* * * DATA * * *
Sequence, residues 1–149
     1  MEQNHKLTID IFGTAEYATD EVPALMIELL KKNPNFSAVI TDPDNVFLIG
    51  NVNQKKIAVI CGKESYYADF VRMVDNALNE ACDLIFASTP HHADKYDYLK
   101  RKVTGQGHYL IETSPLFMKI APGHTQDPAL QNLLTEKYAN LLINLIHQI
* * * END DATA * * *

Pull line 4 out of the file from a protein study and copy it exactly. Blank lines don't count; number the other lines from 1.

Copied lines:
   101  RKVTGQGHYL IETSPLFMKI APGHTQDPAL QNLLTEKYAN LLINLIHQI